Dip the callused cuttings into a glass jar of water and place them under shade or beside a window frame to receive daily indirect sunshine. Your cuttings will be rooted in under four weeks, as long as the water is changed regularly to improve aeration.
Rooting Eucalyptus Cuttings in a Potting Medium
Suppose you wish to do it the conventional way and avoid the inherent risks of damaging the tender-rooted cuttings. In that case, rooting in a pot is also an efficient way to propagate Eucalyptus cuttings. Prepare your rooting pots by pouring the homemade potting mix in and making light holes on the surface.
Insert the cuttings into the holes and add more potting mix to strengthen them. You can water immediately by misting or a light spray or wait a few hours before watering.
Ensure the pot has air holes at the sides and bottom to improve its aeration. After watering, place the pot beside a window sill to receive adequate indirect sunshine and expect the cuttings to root and grow a new shoot after 3-4 weeks.
Sunshine Requirements in Growing Eucalyptus
They’re mainly recognized as evergreen shrubs and trees that like to get full sunshine baths for more than 8 hours daily. However, a few of their tropical varieties appear somewhat deciduous, shedding their leaves at the tail end of the dry season.
Eucalyptus plants can be propagated outdoors, where they are left to thrive under the full radiation of summer spring and summer sunshine. If you’re growing them indoors, ensure they’re placed beside a south or East facing window with plenty of direct sunshine.
When they receive the right amounts of sunshine, they easily grow to tower heights and form cascading shades with their shiny leaves due to the active secretion of oils through the oil pores on the leaves.
Don’t forget to take them indoors in winter when the temperature has dropped below 50°F (10°C). Leaving them outside in winter for days can freeze the plant leaves and stems or root rots.
Best Potting Mix for Eucalyptus Plants
Eucalyptus, like most succulents, like to be potted in a well-drained soil mix with good aeration and grits. You can prepare your own standard homemade lightweight potting mix by putting together 30% Peat moss, 30% loamy soil, and 40% regular garden soil. You could also improve the grit and percolation of the soil mix by adding perlite to it.
They enjoy neutral to mildly acidic pH environments, so always maintain the right levels. In cases where the Soil Mix appears too acidic, you can add a little lime to cushion the acidity.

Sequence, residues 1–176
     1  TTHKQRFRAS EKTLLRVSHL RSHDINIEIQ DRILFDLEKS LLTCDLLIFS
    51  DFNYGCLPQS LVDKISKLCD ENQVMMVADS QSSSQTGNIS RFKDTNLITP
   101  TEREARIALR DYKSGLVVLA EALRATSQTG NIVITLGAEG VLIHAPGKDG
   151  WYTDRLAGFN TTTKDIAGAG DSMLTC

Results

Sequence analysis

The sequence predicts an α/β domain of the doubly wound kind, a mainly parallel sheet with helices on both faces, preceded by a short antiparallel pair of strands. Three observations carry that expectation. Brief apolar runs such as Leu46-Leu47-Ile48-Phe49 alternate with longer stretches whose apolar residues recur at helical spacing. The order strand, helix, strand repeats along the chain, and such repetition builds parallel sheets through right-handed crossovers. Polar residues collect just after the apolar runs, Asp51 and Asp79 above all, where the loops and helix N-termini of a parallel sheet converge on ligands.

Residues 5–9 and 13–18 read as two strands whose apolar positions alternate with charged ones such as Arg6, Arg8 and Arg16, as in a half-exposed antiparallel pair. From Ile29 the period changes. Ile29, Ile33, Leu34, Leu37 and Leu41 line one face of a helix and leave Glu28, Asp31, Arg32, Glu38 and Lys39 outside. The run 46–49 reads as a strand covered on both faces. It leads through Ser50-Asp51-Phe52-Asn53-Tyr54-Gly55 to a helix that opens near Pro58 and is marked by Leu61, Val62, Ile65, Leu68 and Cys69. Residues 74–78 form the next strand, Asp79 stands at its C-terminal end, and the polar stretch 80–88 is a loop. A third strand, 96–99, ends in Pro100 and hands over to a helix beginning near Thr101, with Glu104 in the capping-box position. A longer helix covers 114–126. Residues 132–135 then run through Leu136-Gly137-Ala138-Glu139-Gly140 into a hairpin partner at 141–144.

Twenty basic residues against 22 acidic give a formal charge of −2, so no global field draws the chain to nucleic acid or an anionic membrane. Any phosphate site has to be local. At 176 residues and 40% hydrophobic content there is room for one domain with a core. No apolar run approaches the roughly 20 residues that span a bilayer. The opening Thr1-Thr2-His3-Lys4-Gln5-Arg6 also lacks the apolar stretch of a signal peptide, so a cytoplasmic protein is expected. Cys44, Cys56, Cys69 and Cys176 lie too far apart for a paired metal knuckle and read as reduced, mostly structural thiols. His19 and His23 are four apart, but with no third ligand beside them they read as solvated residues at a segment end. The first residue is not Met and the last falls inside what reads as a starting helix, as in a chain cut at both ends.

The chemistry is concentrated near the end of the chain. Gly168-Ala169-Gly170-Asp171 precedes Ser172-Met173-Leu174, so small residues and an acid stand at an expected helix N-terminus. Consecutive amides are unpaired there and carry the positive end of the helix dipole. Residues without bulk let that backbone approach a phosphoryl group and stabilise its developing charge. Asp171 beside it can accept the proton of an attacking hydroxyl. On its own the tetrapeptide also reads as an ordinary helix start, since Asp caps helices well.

Watering the Young Eucalyptus Pots
Their water requirements depend on the current location and atmospheric conditions. Seasons with longer hours of burning sunshine and high humidity will require more frequent watering to cool them off than the cooler winter of low humidity.
As the pots develop from early spring to late summer, their water needs will gradually increase. You can begin watering them only once a week during early spring. Still, as summer approaches and the sunshine intensifies, you may eventually need to water them daily to preserve them from scorching under the sun.
A major cue to know it’s time for watering is always to pay close attention to the soil moisture levels; each watering episode should only apply after the top 2 inches of the potting soil surface looks dry and crispy. Yellowing leaves are a good sign of over-watering.
Spraying, misting, and light showers are all applicable methods of watering Eucalyptus Pots, especially in their earlier stages. As they grow bigger, you should limit how long moisture stays in their leaves to avoid leaf rot.
Bottom watering is a great and safe way to satisfy their moisture needs. You lift the plant from its pot and gently soak the roots in a water bowl for 3-10 minutes before placing it back in the pot. You should ensure the dripping water fully drains off the roots before returning the pot to its position. The roots could rot if water is held within their hairs too long.
With over 700 varieties currently under study, growing Eucalyptus pots around the home and offices has many medicinal benefits, including treatment of respiratory inflammations, control of global epidemic diseases such as influenza, meningitis, and malaria, treatment of ulcers, as well as recovery from injuries and burns.
Its commercial applications include using its planks for industrial purposes in making Paper and as a fuel source. Eucalyptus oils’ aromatic and mesmerizing fragrances are used as essential ointments for skin care, and some latest scientific discoveries also employ them in aromatherapy.